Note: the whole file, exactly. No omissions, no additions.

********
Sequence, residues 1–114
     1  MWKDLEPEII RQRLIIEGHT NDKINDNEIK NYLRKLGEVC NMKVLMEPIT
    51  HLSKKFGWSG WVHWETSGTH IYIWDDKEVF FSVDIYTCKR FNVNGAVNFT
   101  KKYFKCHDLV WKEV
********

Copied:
Sequence, residues 1–114
     1  MWKDLEPEII RQRLIIEGHT NDKINDNEIK NYLRKLGEVC NMKVLMEPIT
    51  HLSKKFGWSG WVHWETSGTH IYIWDDKEVF FSVDIYTCKR FNVNGAVNFT
   101  KKYFKCHDLV WKEV